When someone you love dies, the timeline of your life splits in two. The day of their passing becomes a gate between two distinct periods: The time before that day is filled with the subtle but unmistakable color of their presence. The time after seems dark, a grayscale desert. Nothing is the same. Everything is different without them.
I knew losing a parent would be harder than other losses, of course. And although the dramatic wailing and phone-dropping I imagined didn’t occur, my father’s passing introduced a new type of pain – A pain of emptiness, of blacks and grays and a profound awareness of a missing piece to the puzzle.
But as the days passed, it was like my dad became more real again in a way. My father the man was gone, but my father the essence was still very much here. I started seeing shades of him in places I never really took note of before.
His meticulous financial acumen in my sister. His way with electronics in my brother. His wanderlust, love of nature, and sometimes twisted sense of humor in me. His tender hearted love of animals in us all, and in turn in our children. There is no doubt that he’s gone, and we feel that loss profoundly. But he left pieces of himself, scattered among his children, grandchildren, and indeed everyone whose life he ever touched.
I recently read an essay on dying in a Buddhist magazine, and it included a poem, part of which I will read here:
With your every movement
Worlds rise, flourish, burn and are dispersed
As your gestures tear through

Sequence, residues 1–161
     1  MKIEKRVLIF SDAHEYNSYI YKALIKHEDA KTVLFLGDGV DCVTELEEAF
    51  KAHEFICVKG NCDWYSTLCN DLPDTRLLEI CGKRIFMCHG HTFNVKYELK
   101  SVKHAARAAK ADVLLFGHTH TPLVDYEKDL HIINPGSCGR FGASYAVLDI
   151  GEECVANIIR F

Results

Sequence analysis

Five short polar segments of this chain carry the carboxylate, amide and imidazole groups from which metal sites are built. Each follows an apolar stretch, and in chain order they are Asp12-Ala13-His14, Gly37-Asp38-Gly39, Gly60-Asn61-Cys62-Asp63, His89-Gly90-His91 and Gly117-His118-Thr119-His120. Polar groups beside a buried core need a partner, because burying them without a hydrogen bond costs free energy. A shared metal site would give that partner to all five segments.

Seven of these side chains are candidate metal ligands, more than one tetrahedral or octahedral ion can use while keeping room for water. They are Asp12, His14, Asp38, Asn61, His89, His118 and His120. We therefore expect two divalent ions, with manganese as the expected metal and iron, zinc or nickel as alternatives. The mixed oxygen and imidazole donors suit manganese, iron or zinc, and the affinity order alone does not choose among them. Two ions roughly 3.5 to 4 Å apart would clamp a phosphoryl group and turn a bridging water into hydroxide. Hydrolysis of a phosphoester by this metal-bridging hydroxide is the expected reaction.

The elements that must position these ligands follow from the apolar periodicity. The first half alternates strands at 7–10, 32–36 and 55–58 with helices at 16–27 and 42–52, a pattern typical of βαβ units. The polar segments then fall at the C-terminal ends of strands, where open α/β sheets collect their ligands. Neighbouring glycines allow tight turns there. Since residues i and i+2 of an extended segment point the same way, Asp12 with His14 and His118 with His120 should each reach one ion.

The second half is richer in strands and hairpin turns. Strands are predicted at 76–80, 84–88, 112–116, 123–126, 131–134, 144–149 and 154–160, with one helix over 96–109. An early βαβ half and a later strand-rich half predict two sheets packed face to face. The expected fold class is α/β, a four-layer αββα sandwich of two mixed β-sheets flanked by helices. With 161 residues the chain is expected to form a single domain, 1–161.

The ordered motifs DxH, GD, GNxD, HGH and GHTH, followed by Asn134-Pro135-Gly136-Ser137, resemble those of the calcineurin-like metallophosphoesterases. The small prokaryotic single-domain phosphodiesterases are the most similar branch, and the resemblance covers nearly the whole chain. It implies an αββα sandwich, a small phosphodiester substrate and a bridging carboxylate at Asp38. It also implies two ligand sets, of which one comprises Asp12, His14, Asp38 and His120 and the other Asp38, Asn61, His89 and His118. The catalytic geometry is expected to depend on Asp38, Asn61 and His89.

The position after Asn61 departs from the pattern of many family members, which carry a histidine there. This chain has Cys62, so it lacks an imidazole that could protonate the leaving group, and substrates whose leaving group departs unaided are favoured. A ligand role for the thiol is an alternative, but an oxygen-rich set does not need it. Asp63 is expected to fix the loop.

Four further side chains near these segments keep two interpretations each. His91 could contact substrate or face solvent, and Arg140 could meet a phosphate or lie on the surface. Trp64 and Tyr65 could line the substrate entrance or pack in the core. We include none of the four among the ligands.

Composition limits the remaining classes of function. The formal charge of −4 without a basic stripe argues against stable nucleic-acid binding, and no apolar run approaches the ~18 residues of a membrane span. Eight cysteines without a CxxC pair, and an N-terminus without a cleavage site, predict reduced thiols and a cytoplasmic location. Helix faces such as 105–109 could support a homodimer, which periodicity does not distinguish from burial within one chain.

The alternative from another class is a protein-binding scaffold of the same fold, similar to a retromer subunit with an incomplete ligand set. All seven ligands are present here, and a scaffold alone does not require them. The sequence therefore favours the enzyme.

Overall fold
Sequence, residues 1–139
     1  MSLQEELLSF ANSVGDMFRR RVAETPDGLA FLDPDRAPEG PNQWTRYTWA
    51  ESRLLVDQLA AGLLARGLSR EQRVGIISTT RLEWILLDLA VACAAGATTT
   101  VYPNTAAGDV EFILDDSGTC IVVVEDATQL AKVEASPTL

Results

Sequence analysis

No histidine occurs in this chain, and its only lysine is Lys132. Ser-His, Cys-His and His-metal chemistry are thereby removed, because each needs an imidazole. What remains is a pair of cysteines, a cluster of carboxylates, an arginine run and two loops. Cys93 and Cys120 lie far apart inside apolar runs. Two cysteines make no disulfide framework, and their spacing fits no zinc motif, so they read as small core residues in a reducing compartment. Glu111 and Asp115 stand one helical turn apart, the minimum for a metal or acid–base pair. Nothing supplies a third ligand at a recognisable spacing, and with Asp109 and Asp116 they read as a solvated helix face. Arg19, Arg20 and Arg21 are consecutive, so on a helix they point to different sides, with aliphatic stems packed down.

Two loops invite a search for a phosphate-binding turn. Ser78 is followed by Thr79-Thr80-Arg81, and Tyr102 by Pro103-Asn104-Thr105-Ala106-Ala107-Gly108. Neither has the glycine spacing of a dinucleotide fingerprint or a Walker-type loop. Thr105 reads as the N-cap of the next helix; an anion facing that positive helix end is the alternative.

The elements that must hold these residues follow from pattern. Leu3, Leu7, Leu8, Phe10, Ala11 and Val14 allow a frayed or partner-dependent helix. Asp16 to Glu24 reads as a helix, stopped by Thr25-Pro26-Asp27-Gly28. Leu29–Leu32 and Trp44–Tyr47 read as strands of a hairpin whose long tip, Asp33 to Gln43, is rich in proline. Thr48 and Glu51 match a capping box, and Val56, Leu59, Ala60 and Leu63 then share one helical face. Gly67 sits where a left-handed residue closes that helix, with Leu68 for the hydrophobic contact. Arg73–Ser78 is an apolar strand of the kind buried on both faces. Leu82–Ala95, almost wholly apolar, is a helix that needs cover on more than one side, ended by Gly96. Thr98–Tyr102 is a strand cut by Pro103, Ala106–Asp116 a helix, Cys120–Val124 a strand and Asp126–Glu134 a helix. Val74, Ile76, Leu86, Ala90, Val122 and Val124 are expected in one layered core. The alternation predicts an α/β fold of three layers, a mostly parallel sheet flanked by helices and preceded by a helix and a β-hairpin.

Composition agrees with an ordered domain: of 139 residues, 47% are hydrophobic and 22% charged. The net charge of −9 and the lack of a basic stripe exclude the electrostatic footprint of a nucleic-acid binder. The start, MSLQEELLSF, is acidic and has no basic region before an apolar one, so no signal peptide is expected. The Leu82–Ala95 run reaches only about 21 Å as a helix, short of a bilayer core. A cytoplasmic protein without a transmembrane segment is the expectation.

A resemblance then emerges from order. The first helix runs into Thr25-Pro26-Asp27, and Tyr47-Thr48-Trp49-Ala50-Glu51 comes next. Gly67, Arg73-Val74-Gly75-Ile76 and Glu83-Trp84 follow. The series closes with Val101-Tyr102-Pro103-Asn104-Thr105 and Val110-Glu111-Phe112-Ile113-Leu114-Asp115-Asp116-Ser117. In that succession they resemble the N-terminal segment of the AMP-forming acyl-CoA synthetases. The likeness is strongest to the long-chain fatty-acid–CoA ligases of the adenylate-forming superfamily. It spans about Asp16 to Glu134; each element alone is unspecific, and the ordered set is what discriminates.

the luminous heart of space
Before anything was born,
After all has died,
You are the zero point.
This poem is about Kali, the Hindu goddess of time, change, preservation, creation and destruction, but it seems to apply to us all. My father, like the rest of us, is the point at which a million universes burst forth, and from each of them, a million more. Every trip we went on. Every movie we watched. Every snowman we built and Christmas we shared. Every swim we took. You all have these moments too, where his influence was felt and continues to be felt, and that influence is timeless, infinite.
My childhood with my father has consumed my mind lately, realer in a way than it was before he left. I remember picking dandelions in the yard when their delicate yellow leaves had transformed into a shock of lighter than air white. I knew I shouldn’t, that it would wreck the lawn, but I couldn’t resist plucking them, raising them to the sky, and blowing.
My dad, like all those who came before, and like all of us here right now, is the zero point. The big bang. The dandelion head. A wish whispered and fulfilled. And as we seeds blow on the breeze, I think he would want only one thing: That we fly free, bury ourselves in the warm soil, and go on to seed again.